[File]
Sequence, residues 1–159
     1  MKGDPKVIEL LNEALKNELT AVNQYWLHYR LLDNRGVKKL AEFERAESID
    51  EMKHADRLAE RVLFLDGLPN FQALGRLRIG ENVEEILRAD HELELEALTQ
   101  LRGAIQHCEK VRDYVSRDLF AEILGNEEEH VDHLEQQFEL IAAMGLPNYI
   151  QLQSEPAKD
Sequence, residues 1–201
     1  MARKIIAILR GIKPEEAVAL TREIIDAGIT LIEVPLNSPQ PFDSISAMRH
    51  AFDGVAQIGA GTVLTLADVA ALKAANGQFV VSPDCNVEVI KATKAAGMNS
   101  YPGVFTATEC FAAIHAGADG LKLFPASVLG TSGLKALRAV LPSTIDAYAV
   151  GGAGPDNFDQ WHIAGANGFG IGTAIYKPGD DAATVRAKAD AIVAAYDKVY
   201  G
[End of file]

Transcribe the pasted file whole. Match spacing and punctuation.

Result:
Sequence, residues 1–159
     1  MKGDPKVIEL LNEALKNELT AVNQYWLHYR LLDNRGVKKL AEFERAESID
    51  EMKHADRLAE RVLFLDGLPN FQALGRLRIG ENVEEILRAD HELELEALTQ
   101  LRGAIQHCEK VRDYVSRDLF AEILGNEEEH VDHLEQQFEL IAAMGLPNYI
   151  QLQSEPAKD
Sequence, residues 1–201
     1  MARKIIAILR GIKPEEAVAL TREIIDAGIT LIEVPLNSPQ PFDSISAMRH
    51  AFDGVAQIGA GTVLTLADVA ALKAANGQFV VSPDCNVEVI KATKAAGMNS
   101  YPGVFTATEC FAAIHAGADG LKLFPASVLG TSGLKALRAV LPSTIDAYAV
   151  GGAGPDNFDQ WHIAGANGFG IGTAIYKPGD DAATVRAKAD AIVAAYDKVY
   201  G